I’m no finance expert but that’s a bit shocking. Aren’t S&P500 companies the safest, most rigorously vetted companies? Or just marketing BS? For ex. try buying the SP500 constituent data… insanely expensive! And with so many restrictions (we just grab it from the ETF)
Sure each of them was incompetent in their own field. Possibly criminally. But shouldn’t some blame go to the SP500 glorious index? Shouldn’t they do more due diligence? Shouldn’t they dig deeper before adding a new company? A normal investor would not think it’s possible to lose everything buying an SP500 “blue chip”.
And yes, Enron was also part of the SP500.
Moral: do your own universe. Forget the news, forget all experts, forget the dovish-hawkish-dovish nonsense from the Fed. Just follow the numbers (using P123 of course).
An index is just a basked of stocks that are bought with certain rules at certain intervalls.
If the rules are bad - let’s say you only buy the largest stocks in regards to their market capitalization with maybe only very few short term fundamental checks - than the outcome will probably be subobtimal. But that is exactly what the S&P 500 does.
“SVB passed its stress tests with flying colors. It also passed its FDIC examinations, its financial audits, and its state regulatory audits. SVB was also followed by dozens of Wall Street analysts, many of whom had previously issued emphatic BUY ratings on the stock after analyzing its financial statements.”
Cramer on CNBC was downplaying the problems until very recently.
Maybe reminiscent of rating agencies (e.g., Moody’s) ratings of mortgage-backed-securities in 2008.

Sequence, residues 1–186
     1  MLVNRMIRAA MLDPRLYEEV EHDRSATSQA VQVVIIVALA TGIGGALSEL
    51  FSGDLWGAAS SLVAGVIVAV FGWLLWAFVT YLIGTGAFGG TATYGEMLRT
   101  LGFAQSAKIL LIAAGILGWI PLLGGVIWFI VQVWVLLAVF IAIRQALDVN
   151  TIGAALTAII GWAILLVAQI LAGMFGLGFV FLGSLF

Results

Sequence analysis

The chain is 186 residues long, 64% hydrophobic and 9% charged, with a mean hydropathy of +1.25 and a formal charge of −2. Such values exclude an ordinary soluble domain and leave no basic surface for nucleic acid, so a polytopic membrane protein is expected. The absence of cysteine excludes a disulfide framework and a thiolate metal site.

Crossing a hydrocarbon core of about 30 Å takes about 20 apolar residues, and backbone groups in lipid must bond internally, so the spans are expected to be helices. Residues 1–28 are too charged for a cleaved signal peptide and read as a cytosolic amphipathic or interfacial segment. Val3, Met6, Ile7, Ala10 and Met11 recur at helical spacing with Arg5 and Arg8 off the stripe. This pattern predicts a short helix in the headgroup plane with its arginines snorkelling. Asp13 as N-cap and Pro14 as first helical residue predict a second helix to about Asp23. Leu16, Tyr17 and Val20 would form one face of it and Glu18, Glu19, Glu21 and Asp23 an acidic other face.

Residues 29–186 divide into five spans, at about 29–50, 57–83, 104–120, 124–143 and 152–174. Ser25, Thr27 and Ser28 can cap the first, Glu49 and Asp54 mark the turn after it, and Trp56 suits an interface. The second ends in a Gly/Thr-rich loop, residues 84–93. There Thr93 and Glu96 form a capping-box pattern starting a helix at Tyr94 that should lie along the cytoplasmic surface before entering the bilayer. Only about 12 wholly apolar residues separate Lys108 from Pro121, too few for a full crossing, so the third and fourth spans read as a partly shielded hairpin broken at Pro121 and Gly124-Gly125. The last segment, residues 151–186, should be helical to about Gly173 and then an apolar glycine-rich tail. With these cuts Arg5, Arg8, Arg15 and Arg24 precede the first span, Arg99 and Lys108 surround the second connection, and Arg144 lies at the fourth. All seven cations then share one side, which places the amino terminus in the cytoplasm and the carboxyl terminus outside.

There are deeper lessons that I am not intelligent enough to grasp, but it is not just the SP500 for sure. And not that I am any better at seeing what is coming, they can all be suddenly wrong at once. And well,“it makes sense now, obviously” (after the fact). I.e., hindsight bias.
Having worked at the former regional bank for 20 years, I can’t say I’m truly surprised. There has been an extreme “dumbing down” of corporate culture, and, the result is/was a mass exodus of experience, talent, and brains from most of the banks.
On a side note, as a former institutional trader, I can tell you that our risk department (while large in size) was the place where you were stuck if you couldn’t perform on the trading desk. There were a handful of very smart people in risk management, but they didn’t have any sway to speak of. I can’t speak to specifically to what’s happening currently at these banks, but I can only imagine what the risk controls were like.
For kicks I tried to look at the financial statements of SVB to see how quickly I could spot the problem they were going to have.
I was reminded of how absolutely terrible the presentation of data is. Finding a simple accurate debt/equity ratio or liquidity ratio was a futile exercise. I wouldn’t be surprised if that contributed to the failure of people in the bank to realize the degree of the problem early on.